Cold storage is perhaps the safest way to store your bitcoins (or any other cryptocurrencies) since cold wallets are kept offline. Anyone can send money to a cold wallet, but retrieving funds from cold storage isn’t possible without physical access to the wallet, making this storage option a lot safer from online hackers. Many people print their private keys on paper, creating a “paper wallet”. However, these types of wallets are susceptible to flooding, fires, ink wearing away, and more. Fortunately, CryoBit has created a more elegant solution – the Cryo Card.
CryoBit claims to have created “the ultimate solution to offline cold storage” that is flood-proof, fireproof, and more. I wanted to see if CryoBit’s claims were true, and the company was nice enough to send a free Cryo Card for me to review. Keep reading to see my impression of Cryo Card.
IMPORTANT SECURITY NOTE
[dropcap size=small]Y[/dropcap]es, this needs to be in all caps. Cryo Card displays your bitcoin address on the front and your BIP38-encrypted private key on the back. On the Products page, you’re given the option to enter your existing wallet information or generate a new wallet address. The second option is what bothers me.
When you click the “Create New” button, the following screen pops up:
Here, you’re expected to enter your secret passphrase that decrypts your wallet, and hope that CryoBit isn’t storing this passphrase. There is no reason to trust CryoBit, or anyone for that matter, when it comes to securing your bitcoins. Even if the company isn’t storing passphrases, you should never generate a cold wallet on an online computer; that just defeats the purpose of a cold wallet. You could have a keylogger on your computer that would capture and send that passphrase to a remote server. The safest way to create a cold wallet is to:
- Download the source code for bitaddress.org onto a blank flash drive.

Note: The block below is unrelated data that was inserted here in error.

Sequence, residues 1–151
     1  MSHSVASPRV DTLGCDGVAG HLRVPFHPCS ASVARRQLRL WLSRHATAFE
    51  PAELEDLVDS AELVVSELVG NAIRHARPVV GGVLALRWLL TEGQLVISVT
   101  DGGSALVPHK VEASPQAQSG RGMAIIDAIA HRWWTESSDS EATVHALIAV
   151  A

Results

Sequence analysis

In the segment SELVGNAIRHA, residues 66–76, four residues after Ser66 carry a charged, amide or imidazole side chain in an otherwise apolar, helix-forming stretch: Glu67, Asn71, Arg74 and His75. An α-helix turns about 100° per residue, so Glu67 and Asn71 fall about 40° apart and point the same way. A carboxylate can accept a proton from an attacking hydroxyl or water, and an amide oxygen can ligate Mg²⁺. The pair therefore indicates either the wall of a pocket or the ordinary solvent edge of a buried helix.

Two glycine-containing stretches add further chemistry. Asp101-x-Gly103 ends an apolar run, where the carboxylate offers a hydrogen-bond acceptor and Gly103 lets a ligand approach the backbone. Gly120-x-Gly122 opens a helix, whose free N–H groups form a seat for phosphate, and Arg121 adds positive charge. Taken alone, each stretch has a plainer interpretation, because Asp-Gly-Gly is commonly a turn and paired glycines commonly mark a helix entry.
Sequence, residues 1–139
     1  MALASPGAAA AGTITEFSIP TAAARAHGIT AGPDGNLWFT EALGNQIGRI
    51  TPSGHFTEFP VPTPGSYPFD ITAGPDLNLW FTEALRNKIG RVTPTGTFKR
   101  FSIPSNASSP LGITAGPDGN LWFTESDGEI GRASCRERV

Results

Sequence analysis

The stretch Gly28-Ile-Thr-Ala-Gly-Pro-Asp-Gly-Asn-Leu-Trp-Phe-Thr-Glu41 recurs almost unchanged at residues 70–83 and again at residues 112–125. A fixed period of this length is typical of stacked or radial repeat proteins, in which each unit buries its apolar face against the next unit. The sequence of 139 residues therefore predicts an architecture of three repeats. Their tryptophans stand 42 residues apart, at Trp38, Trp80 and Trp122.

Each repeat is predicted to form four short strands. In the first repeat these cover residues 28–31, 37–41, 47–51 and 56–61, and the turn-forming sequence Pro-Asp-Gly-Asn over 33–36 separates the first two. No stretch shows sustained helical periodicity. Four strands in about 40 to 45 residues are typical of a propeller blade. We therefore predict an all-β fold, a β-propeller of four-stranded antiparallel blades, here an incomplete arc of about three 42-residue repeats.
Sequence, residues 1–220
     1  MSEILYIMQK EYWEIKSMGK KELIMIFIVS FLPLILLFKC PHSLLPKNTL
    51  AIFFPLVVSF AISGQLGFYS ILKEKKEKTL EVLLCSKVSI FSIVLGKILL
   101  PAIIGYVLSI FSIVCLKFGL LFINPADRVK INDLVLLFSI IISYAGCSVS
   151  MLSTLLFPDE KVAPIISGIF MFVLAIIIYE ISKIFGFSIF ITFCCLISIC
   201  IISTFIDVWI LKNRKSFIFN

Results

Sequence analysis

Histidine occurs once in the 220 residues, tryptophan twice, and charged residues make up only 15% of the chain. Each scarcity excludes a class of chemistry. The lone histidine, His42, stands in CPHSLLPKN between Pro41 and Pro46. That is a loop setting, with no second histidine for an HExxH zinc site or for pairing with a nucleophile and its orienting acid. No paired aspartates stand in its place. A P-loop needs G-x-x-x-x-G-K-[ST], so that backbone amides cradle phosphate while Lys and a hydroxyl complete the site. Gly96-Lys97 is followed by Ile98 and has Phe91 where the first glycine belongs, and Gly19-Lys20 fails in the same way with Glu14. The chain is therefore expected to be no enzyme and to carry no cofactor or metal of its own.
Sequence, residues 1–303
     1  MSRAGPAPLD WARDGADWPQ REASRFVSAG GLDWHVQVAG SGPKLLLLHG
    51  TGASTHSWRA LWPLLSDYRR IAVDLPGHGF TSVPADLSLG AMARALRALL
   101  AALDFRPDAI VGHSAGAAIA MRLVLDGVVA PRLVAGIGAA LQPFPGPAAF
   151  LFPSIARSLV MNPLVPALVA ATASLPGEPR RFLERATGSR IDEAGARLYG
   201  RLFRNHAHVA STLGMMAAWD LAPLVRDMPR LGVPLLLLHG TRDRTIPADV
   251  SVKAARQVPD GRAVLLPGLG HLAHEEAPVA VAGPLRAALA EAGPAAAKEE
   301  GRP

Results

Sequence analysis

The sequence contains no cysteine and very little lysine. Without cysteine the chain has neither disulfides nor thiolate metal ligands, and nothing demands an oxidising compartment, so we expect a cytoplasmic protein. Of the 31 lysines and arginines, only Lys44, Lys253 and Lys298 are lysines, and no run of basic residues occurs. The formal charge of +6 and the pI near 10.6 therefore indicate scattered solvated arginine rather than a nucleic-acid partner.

- Open bitaddress.org.html on a system that was never connected to the Internet (you could boot into a live linux distro and open bitaddress.org.html on that).
- Go to the “Paper Wallet” section and choose “BIP38 Encrypt”.
- Enter your passphrase and hit the “Generate” button to get your wallet address and encrypted private key.
- Now enter your wallet address and encrypted private key on CryoBit’s website.
Does this seem a little paranoid? It’s not. Cold storage is intended to house nearly all of your bitcoins, so no security measure is too excessive.
After entering my wallet information, I was taken through standard checkout screens with shipping information, payment, etc., and about a week later, the Cryo Card arrived.
What makes Cryo Card so cool is its simplicity. It’s basically just a sheet of tough stainless steel with your wallet information etched on it.
The package I received also came with a sleek carrying pouch, an information sheet, and a nice card.
CryoBit likes to repeatedly point out Cryo Card’s overall strength.
“Engineered to withstand anything mother nature can throw at it; Cryo Card’s base layer is constructed of AMS 5524 Stainless Steel, an aerospace grade metal that demonstrates both high heat and corrosion resistance in all environments. It is highly resistant to both acids and bases, fresh and salt water, and temperatures of up to 2500°F (1370°C). Cryo Card is then marked by a high-contrast proprietary ceramic-glass material that exceeds the metal’s oxidative and thermal performance. In addition, this marking material is virtually scratchproof. Since the marking is chemically bonded to the base metal and is comprised of a very hard ceramic composite, it is nearly impossible to remove by any form of physical or chemical abrasion – without first removing the metal layer underneath.”
Sounds great, but I wanted to see for myself whether or not these claims were true.
The first thing I tried was dropping the card from a height. You can see my three trials in the video below:
And here are the results:
You can see some scratching and scuffing on the bottom right corner, but there wasn’t much more than that. Furthermore, both QR codes remained scannable.
The next thing I tried was exposing Cryo Card to acid, specifically vinegar with a pH of 5. You can watch the video below, but spoiler: nothing happens.
The last thing I tried was exposing Cryo Card to fire. CryoBit states that Cryo Card can withstand temperatures up to 1370°C, but the results weren’t exactly what I expected:
To be fair, the QR codes are still scannable. In fact, there’s a video online of CryoBit torching the Cryo Card:
As you can see, the QR code becomes harder to see, but it still scans successfully. All in all, it seems like Cryo Card can handle pretty much anything.
A double-sided Cryo Card costs $30, which might seem like a lot, but I think it’s a fair price considering how tough Cryo Card is. If you’re planning on storing almost all your bitcoins on this one card, then $30 is a solid investment for what is an almost indestructible cold storage solution. The only thing I’d like to stress is that if you choose to buy a Cryo Card, generate your own wallet using the steps above. Do not create a wallet address+private key pair on an online computer.